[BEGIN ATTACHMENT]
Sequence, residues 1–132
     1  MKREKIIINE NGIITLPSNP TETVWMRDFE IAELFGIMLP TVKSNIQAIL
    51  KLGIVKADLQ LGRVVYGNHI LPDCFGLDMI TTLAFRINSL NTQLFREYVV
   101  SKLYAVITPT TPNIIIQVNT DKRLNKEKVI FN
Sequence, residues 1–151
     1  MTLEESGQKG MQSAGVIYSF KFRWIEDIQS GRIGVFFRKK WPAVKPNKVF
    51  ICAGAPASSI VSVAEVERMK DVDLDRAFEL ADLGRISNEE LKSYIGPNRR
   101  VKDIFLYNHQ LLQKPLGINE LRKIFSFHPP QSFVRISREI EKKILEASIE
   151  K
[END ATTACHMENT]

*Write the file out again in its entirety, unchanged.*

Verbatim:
Sequence, residues 1–132
     1  MKREKIIINE NGIITLPSNP TETVWMRDFE IAELFGIMLP TVKSNIQAIL
    51  KLGIVKADLQ LGRVVYGNHI LPDCFGLDMI TTLAFRINSL NTQLFREYVV
   101  SKLYAVITPT TPNIIIQVNT DKRLNKEKVI FN
Sequence, residues 1–151
     1  MTLEESGQKG MQSAGVIYSF KFRWIEDIQS GRIGVFFRKK WPAVKPNKVF
    51  ICAGAPASSI VSVAEVERMK DVDLDRAFEL ADLGRISNEE LKSYIGPNRR
   101  VKDIFLYNHQ LLQKPLGINE LRKIFSFHPP QSFVRISREI EKKILEASIE
   151  K